A relative newcomer to the tow bar market is NSA RV Products Inc. and its ReadyBrute RV Tow Bar. The ReadyBrute is an all-aluminum tow bar that is rated at 8,000 pounds towing capacity. This self-locking tow bar features a nonbinding clevis design that is said to make it easy to hook up and unhook, even when the tow bar is not aligned with the motorhome. The ReadyBrute includes rubber boots that cover the arm extension to help keep operation smooth, and a powder-coat finish for extra durability. The tow bar weighs 30 pounds and stores on the back of the motorhome when not in use.
The company also offers the ReadyBrute Elite RV Tow Bar, which is a combination tow bar and supplemental braking system. This dual-purpose tow bar includes the same features as the ReadyBrute but also adds the company’s ReadyBrake Supplemental Surge Braking System, which is built into the front of the tow bar. The system uses the weight of the towed vehicle to stop it. When the driver steps on the motorhome brakes, the towed vehicle pushes forward to activate the towed vehicle brakes via a tow-bar-mounted lever and aircraft cable. The all-aluminum tow bar weighs 40 pounds.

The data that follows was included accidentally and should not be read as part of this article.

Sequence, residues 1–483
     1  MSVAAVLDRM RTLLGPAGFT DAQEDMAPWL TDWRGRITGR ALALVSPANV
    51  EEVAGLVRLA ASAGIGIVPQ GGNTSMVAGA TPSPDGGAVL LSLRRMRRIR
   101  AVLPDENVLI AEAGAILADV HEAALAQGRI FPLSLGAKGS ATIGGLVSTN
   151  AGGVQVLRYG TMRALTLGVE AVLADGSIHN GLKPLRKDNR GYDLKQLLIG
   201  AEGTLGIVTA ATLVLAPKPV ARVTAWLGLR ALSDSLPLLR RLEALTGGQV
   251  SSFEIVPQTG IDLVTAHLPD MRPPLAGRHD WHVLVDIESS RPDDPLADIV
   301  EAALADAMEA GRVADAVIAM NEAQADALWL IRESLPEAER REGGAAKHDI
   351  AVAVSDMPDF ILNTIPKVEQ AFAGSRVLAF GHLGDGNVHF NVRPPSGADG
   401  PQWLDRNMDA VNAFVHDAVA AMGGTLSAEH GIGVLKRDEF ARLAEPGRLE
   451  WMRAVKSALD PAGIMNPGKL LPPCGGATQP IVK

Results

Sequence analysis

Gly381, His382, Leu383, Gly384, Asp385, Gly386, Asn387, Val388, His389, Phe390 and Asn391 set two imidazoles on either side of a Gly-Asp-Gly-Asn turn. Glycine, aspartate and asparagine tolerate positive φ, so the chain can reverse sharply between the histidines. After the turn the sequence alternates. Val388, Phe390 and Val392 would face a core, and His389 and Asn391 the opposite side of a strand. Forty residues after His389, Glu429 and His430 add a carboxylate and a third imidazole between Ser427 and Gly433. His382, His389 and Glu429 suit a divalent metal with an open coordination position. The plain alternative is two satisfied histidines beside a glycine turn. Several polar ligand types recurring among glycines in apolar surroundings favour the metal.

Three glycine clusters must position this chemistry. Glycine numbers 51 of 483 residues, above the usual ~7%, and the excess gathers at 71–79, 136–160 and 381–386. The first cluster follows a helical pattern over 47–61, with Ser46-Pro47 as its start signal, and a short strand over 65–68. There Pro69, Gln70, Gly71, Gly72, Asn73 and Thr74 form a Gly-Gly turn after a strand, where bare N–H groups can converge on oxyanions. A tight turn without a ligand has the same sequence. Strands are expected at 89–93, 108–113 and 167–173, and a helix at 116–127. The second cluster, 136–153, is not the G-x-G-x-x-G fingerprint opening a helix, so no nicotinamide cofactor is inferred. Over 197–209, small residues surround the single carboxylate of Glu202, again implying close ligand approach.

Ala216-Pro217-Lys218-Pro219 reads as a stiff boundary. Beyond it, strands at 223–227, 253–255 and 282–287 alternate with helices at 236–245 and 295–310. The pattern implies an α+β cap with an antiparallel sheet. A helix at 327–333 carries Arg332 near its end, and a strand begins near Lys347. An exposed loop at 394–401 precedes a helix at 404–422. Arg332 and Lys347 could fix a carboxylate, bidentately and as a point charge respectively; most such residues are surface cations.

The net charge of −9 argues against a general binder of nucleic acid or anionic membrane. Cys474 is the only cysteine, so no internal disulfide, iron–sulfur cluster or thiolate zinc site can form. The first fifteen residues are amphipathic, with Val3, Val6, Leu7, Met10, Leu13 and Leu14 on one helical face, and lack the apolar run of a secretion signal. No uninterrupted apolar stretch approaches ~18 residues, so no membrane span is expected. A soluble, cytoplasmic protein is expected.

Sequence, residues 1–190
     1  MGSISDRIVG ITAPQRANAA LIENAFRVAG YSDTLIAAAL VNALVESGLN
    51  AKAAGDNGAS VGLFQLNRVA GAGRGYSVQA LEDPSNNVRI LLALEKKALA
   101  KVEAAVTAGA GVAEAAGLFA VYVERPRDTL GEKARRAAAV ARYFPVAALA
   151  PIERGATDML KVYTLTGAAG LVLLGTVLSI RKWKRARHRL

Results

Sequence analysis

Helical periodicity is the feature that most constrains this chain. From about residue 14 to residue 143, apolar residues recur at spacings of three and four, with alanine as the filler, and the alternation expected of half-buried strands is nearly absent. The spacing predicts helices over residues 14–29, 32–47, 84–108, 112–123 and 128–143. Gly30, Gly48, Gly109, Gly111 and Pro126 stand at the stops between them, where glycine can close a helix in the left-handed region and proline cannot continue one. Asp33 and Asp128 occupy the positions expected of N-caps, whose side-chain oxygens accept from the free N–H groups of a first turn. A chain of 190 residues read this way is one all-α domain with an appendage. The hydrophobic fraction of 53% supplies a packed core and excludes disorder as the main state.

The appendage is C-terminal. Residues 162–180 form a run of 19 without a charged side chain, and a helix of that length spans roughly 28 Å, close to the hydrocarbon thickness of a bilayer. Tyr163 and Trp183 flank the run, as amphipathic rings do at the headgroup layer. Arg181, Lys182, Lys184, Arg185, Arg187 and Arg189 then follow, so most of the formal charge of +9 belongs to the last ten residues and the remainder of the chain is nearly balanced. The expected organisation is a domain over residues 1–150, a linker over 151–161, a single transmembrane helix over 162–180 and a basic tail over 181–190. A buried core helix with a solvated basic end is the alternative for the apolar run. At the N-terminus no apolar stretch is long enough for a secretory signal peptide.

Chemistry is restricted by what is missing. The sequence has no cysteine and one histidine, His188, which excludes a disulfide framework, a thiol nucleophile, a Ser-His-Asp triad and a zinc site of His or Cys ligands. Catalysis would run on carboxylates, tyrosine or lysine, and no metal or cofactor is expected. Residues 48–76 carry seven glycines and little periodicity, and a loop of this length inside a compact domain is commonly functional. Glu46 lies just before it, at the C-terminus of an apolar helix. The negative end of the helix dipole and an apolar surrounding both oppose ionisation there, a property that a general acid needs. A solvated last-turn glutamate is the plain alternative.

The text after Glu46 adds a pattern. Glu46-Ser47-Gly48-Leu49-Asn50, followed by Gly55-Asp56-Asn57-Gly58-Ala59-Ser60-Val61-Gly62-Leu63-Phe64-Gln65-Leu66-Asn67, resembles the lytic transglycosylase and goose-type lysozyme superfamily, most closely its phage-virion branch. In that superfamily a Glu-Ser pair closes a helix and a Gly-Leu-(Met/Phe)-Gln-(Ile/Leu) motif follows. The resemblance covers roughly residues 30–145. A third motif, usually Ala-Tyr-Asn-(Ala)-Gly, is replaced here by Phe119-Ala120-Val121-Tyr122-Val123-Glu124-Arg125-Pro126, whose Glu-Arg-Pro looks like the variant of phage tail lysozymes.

Several options are available for those who wish to tow another vehicle when traveling. Although motorhomers have their preferences — and this story focuses on flat towing — there is no consensus as to the “best” way or “best” vehicle to tow. Whichever towing method you choose, make sure to follow all safety recommendations, check the equipment for excessive wear or damage on a regular basis, and understand how the extra weight will affect the handling and maneuverability of your motorhome.
Information about the manufacturers that were mentioned in this article follows. For details about the tow bar manufacturers and their products, visit their Web sites or give them a call.
One Mill Road
Pender, NE 68047
Demco Manufacturing Co.
4010 320th St.
Boyden, IA 51234
NSA Products Inc.
129 N. Kentucky
Iola, KS 66749
14260 23rd Ave. N.
Plymouth, MN 55447
6110 N.E. 127th Ave.
Vancouver, WA 98682